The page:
Mountain passes in winter

Discussion in 'Hardware and Peripherals' started by Kimbos, Mar 7, 2009.

  1. Kimbos

    Kimbos

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    Really annoyed by the fact that TomTom is not enabled to recognise that many roads through mountain passes in the winter are closed in the winter time. Due to the fact that certain roads are systematically closed during the winter, which the TomTom did not 'know' cost us an extra additional 5hrs of journey time after a 14hr journey! And this was with the TomTom programmed to follow the most 'direct' route.

    After recounting our story at the ski resort we were told that this is not an uncommon story.

    Hoping that TomTom can find a way to work this into the programming - or at least provide a warning to be aware that roads at a certain altitude may be closed in the winter time.
     
    Kimbos, Mar 7, 2009
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  2. Kimbos

    crgator

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    Are these mountain passes always closed in the winter? I know there are area's along the coast that are subject to being closed due to high tides during storms, and there are signs saying such. But, since there is no set time (even assuming a storm season), it would be impossible to know that the roads are closed.

    Perhaps if the passes are always closed, something could be done, and even then I'm not sure if the mapping software could do that . Otherwise, I would think you'd need the traffic on your TomTom to do what you're asking. Or your car radio.
     
    crgator, Mar 7, 2009
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  3. Kimbos

    PSJ

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    Agreed, a traffic subscription would be the answer to this problem.



    .
     
    PSJ, Mar 7, 2009
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  4. Kimbos

    gatorguy

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    In some areas of the Pacific Northwest, there are roads that are seasonally closed, as of a set date, and reopen on a set date. I think it's the same for some roads around Yellowstone and some highways that cross the Rockies. I don't see how a traffic sub would assist unless TT reports the road as closed. It just wouldn't show any traffic on those roads as it is now, but still include them in the routing. Or am I mistaken?
     
    gatorguy, Mar 7, 2009
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  5. Kimbos

    mvl Moderator

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    If you set mapshare to a less sensitive level, you'll probably have many people blocking/erasing the roads over the winter, and then unblocking them over the summer.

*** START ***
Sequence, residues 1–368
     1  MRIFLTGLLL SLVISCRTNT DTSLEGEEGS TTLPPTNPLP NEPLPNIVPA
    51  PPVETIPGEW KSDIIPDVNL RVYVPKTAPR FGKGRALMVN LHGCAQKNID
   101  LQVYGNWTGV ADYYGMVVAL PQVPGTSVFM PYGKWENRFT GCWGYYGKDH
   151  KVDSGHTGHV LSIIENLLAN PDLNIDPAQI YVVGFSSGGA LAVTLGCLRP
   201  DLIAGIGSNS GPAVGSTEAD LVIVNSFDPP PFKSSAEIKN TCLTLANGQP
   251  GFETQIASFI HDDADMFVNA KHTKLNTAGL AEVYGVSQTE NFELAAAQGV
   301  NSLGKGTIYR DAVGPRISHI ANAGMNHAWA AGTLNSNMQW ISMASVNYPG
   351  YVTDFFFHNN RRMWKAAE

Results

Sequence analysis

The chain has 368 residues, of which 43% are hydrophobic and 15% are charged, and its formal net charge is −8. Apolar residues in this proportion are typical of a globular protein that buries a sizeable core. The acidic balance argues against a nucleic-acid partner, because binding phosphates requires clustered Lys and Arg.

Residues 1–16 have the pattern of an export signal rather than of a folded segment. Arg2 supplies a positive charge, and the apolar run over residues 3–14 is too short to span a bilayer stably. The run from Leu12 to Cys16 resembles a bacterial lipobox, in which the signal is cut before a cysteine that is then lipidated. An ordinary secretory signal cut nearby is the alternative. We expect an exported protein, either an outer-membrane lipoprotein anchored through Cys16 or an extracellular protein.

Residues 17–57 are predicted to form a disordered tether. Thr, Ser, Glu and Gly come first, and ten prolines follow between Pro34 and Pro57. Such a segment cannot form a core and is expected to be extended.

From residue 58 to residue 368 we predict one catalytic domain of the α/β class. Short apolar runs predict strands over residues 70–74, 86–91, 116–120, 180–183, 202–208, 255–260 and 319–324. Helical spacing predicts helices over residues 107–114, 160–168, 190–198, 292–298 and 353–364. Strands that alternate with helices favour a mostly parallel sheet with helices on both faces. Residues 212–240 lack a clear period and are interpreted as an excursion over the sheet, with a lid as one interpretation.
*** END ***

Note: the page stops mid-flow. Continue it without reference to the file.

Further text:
You could always do it yourself on your own map. The self-editing feature was the original reason I bought a tomtom over the competition.
     
    mvl, Mar 7, 2009
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  6. Kimbos

    eldorado

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    Don't know where you are talking about, but just my opinnion that it would be almost impossible for TT to be able to keep up with that type of suggestion, here in Calif. all you have to do is call 1-800-427-7623 or you can go here before you leave Mountain Highways of course this can not tell you of a change while you are on the road as sometimes here in Calif. they will close Interstate Hwy's due to accidents as well as weather conditions, so the cell phone is your best way to keep current.....
     
    eldorado, Mar 8, 2009
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  7. Kimbos

    mvl Moderator

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    I'm referring to the seasonal closures. If you set mapshare to "changes reported by many" or "changes reported by few" then other people's changes will be reflected on your map without tomtom review.

    It's likely that many people will block these mountain passes on their own maps and share it for the winter, then unblock it during the summer, so you would get these edits. That's the idea behind mapshare, crowdsourcing.

    The individual weather/accident closures would only be available (if at all) via a traffic service.
     
    mvl, Mar 8, 2009
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  8. Kimbos

    GAW

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    When planning a winter trip into the mountains, there is not GPS device that can protect you from yourself.

    You mentioned a ski area, so that brings to mind that there are a number of roads in Colorado, California, and others that are routinely closed in the winter after the first significant shows. These do not include interstate routes of course.

    Some roads including interstates can also be closed by conditions for a period of time, and a traffic subscription might help with these.

    However, you should ALWAYS find a road info number for the state you are in, and if going on a route that is not a major highway (suggest getting an old fashioned map to be able to identify these), stop and ask some locals before you venture onto them. There are many of these that effectively become suitable for 4 wheeled vehicles only plus being driven by people that know how to handle them in snow in the mountains.

    The local news often tells of tragedies where drivers get into places they should not have gone in the winter and could have easily avoided if they had used common sense and especially if they had checked with some locals.
     
    GAW, Mar 10, 2009
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